16th annual Drag Show opens doors for pride and acceptance

Hershae Chocolatae has been the MC for the annual Drag Show for many years.

Alyssa Ochss

Flashing lights, hundreds of people and drag queens and kings performing their hearts out. All was there during the 16th annual Drag Show on the last night of Oakland University Pride Month.

OU Pride Month, lasting from March 12 to April 11 this year, was a series of events and celebrations celebrating the LGBTQIA+ community and what they have accomplished. The Drag Show was the last event and a send-off.

Not only does the show give people from the LGBTQ+ community a chance to show their pride, but it also gives allies and others a chance to get fully immersed in the culture.

Mickey McGlinnen, president of the Gay Straight Alliance (GSA), said the planning for the next year’s Drag Show starts as the last year’s ends. Choosing a new e-board also coincides with the startup of new Drag Show plans. This year, the new e-board was announced at the show.

The planning is mostly done by the GSA e-board, but GSA members are involved as well. The decorations on the welcome board that night, including a depiction of Handsome Squidward from “SpongeBob SquarePants” and various other sea creatures, were all made by the members.  

McGlinnen said drag shows are something both people from the LGBTQ+ community and others outside it can enjoy. They said people who are interested in the community can take their “first steps” into it with a drag show.

“Having something very up-tempo and fun and entertaining makes it a very not risky way to get into the LGBTQ+ community and our events,” McGlinnen said. “It’s a fun event, it’s not like an activism event where people might feel more pressured.”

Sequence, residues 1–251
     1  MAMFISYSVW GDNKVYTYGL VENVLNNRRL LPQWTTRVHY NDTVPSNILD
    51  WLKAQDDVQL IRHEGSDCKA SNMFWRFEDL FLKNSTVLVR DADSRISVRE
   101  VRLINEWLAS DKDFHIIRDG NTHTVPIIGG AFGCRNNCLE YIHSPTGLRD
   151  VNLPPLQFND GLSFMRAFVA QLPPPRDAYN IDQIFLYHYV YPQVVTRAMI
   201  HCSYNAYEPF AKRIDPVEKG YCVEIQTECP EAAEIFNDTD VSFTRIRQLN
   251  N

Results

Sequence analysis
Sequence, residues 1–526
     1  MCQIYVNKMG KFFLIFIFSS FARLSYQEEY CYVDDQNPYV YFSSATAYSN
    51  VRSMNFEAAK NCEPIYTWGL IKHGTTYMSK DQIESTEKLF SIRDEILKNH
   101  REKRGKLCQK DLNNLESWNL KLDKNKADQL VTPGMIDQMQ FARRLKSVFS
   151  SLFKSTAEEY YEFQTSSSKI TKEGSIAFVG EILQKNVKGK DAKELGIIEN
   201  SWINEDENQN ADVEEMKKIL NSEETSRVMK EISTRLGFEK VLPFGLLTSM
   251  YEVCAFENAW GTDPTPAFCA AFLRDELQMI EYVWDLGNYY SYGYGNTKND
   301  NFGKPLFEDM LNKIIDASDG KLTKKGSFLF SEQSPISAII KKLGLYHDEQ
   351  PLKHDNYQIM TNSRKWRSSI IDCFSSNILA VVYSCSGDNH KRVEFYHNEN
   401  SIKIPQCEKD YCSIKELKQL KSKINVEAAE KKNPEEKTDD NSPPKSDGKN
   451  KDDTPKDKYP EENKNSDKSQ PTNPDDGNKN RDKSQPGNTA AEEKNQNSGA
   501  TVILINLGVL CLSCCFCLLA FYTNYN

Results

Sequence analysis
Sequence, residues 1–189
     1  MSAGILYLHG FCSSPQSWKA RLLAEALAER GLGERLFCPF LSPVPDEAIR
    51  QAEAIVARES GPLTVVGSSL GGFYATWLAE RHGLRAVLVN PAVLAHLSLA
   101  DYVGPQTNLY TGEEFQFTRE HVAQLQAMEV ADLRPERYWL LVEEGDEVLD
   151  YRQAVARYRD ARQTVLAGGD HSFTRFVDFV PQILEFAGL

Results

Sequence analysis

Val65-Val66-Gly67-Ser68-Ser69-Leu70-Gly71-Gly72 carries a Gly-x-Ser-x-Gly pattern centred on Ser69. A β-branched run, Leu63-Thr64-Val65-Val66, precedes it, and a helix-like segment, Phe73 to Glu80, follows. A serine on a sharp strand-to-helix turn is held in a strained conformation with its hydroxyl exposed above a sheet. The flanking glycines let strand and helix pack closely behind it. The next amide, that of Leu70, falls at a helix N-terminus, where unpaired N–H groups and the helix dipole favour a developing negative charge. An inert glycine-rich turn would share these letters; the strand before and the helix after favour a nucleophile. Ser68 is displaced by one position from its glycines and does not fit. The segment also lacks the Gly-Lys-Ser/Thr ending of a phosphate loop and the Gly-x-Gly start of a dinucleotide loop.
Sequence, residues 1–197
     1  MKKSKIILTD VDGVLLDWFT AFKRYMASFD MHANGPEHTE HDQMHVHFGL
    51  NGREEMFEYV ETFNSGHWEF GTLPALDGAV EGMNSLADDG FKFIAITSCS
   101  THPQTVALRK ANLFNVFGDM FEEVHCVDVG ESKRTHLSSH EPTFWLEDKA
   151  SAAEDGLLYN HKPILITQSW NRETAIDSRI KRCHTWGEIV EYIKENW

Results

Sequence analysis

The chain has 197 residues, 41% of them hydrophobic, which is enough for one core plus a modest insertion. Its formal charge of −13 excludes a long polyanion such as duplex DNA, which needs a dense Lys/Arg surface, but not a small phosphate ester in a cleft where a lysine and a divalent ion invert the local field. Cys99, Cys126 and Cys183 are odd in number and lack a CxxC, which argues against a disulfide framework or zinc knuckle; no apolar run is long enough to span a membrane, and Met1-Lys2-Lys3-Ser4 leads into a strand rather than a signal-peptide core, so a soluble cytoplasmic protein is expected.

The drag queens this year included Hershae Chocolatae and Sabin, both of of whom have been coming to OU’s Drag Show for a long time. OU students also made up some of the drag kings, such as the group 99 Degrees.

GSA Vice President Dallas LaCross or “Diego Sugar Land” was part of the 99 Degrees performance. She said the end of each Drag Show leaves her feeling relieved, tired, satisfied and rewarded for everyone’s hard work.

LaCross said the show is a way to educate people on gender and help them get a glimpse of the culture.

“For so many people, they’ve never been exposed to that kind of culture and what it means to be anywhere near a drag show,” LaCross said. “And bringing it here, it expands the demographic a lot.”

Eli LaFond, a member of the GSA and future treasurer, said they were excited to have a good time without worrying about anything. They also said the drag shows give people the freedom to be themselves.

“I think it gives everybody a freedom to express themselves in any way they want to in makeup, hair, clothing, artistic ability, dancing and music choice,” LaFond said. “Artistic stuff is really important to the LGBTQ+ community, and so something like drag shows are just so much fun.”

Hershae Chocolatae ended the night by reintroducing the cast and reminding OU students how lucky they are to have such an open campus.

Students interested in joining the GSA can attend weekly meetings Thursdays from noon-1 p.m. in the Oakland Center Lake Michigan room and visit the organization’s Facebook page for more information.